Giacomo Conterno: Barbera d’Alba Cascina Francia 2000 – 2010

Barolo gets most of the attention at Giacomo Conterno, but the estate’s Barbera shows another equally fascinating side of the Cascina Francia vineyard.

This vertical tasting of Giacomo Conterno’s Barbera d’Alba Cascina Francia was a poignant reminder that Piedmont is more than just Barolo and Barbaresco. The late Giovanni Conterno purchased Cascina Francia, a steep hillside vineyard in Serralunga, in 1974. Conterno planted Nebbiolo, Barbera, Dolcetto and Freisa, the typical complement of Piedmontese grapes at the time. The first vintage from Cascina Francia was 1978. Since then, Conterno's Barolos from this site, Cascina Francia and Monfortino, have gone on to establish themselves as among the most iconic wines in the world, but the Barbera is equally deserving of attention. For more, readers might enjoy this short video I shot right after the tasting.



Cascina Francia; Nebbiolo is planted on the upper slopes while the Barbera is planted on the flatter and lower parts of the hillside

Today, proprietor Roberto Conterno typically harvests his Barbera in late September. Aging takes place in medium-size Slavonian oak casks, many of which have been replaced in recent years. From cask, the Barberas tend to exhibit an incredible combination of pure fruit, captivating aromatics and silky texture.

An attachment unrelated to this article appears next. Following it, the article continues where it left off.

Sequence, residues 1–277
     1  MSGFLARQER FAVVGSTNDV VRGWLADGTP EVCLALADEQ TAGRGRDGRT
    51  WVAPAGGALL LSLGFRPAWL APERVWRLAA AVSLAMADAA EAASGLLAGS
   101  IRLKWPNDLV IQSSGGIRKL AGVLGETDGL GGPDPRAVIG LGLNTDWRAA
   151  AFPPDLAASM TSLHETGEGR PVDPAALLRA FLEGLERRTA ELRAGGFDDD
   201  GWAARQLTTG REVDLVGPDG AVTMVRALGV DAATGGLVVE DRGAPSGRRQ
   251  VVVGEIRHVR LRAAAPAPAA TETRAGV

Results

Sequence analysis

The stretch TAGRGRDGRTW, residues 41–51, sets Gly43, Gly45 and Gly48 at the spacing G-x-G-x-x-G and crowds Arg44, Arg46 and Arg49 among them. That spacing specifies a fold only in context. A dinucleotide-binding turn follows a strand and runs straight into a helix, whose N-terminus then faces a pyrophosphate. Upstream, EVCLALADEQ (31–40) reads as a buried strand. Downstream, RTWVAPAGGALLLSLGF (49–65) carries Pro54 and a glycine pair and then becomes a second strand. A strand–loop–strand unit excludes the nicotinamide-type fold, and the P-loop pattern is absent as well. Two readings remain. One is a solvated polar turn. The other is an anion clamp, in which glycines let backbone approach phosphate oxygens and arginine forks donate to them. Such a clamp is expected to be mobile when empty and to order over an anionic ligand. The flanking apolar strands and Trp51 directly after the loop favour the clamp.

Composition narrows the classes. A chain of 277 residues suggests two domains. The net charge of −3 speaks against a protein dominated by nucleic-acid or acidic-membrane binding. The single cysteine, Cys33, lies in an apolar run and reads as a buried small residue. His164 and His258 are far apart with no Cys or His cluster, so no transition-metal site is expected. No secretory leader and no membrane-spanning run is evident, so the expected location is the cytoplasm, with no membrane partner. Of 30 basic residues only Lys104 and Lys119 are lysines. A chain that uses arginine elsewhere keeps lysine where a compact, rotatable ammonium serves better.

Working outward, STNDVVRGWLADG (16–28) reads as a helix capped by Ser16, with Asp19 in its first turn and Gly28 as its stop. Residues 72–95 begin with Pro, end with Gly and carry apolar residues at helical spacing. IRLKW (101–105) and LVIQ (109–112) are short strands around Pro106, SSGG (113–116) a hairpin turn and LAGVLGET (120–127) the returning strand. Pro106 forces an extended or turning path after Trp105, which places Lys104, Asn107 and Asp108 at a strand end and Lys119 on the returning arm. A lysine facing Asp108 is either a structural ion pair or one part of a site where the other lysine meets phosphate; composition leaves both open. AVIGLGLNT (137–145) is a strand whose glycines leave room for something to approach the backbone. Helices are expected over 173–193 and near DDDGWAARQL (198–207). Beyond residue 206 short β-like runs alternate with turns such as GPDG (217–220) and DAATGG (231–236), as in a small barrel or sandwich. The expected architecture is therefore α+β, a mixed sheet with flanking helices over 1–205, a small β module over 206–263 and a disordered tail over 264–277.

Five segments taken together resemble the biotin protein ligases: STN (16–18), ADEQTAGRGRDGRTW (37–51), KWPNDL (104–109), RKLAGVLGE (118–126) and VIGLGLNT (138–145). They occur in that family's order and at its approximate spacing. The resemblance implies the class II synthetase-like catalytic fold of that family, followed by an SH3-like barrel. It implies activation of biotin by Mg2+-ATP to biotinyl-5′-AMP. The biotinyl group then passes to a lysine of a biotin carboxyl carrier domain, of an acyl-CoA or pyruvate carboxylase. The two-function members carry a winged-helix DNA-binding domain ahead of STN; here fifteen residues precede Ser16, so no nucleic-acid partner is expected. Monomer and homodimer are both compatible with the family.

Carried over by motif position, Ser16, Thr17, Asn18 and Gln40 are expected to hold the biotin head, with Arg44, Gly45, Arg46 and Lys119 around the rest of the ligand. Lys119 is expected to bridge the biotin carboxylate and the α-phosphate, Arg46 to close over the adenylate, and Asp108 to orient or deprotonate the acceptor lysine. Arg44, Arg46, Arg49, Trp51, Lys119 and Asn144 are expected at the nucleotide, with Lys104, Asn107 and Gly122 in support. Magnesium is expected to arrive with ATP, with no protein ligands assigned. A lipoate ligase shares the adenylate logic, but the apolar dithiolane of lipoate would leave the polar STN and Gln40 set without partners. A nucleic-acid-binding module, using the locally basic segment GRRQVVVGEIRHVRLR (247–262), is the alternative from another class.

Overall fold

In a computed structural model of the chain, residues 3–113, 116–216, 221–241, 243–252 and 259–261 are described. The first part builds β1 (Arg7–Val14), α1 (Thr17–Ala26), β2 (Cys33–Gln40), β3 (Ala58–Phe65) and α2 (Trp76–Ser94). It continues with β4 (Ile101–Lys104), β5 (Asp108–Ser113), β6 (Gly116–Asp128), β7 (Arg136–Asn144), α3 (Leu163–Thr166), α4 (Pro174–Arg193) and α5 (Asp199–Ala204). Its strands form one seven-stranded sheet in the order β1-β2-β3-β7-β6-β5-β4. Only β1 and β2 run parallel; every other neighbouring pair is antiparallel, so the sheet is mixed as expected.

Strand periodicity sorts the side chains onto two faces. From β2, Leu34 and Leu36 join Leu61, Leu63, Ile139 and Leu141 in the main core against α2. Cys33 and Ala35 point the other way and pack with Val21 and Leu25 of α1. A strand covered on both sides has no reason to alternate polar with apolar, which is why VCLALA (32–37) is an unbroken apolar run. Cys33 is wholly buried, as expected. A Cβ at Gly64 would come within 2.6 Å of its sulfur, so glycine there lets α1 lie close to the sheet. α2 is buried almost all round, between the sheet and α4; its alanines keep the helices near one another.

There have been at least three significant and obvious inflection points in the Conterno Barberas over the last decade. The first took place in 2001, when Conterno increased the time the wines spend in oak from about a year to 21 months, a return to a more traditional style of aging that had been abandoned some years prior. Around this time the Dolcetto and Freisa were torn out to make space for more Nebbiolo and Barbera. From 2001 and on, the Barberas are more structured and show more aging potential than the preceding vintages. Around 2006 the Barberas became even richer, deeper and more intense. My sense is that yields are down a bit, while newer casks allow for the true signatures of the fruit to be at their maximum of expression.


Barbera in Cascina Francia

In 2008 Conterno purchased 3 hectares in Cerretta and added a Barbera from that vineyard to his range. The vines required a bit of work, but the results can be seen with the 2011 Barbera, a wine that clearly demonstrates the huge strides Conterno has made here in just a few vintages. Today, the Cerretta Barbera is just as compelling as the Cascina Francia Barbera.

Although the Cascina Francia Barbera has proven to age exceptionally well, my preference is to drink the wines around age 7-10, give or take, while the fruit remains vibrant and intense. This tasting was full of highlights. Some of my favorites include the 2010, 2007 and 2006, all wines of great distinction, class and personality. In other words; the purest essence of Cascina Francia.

See the wines here

--Antonio Galloni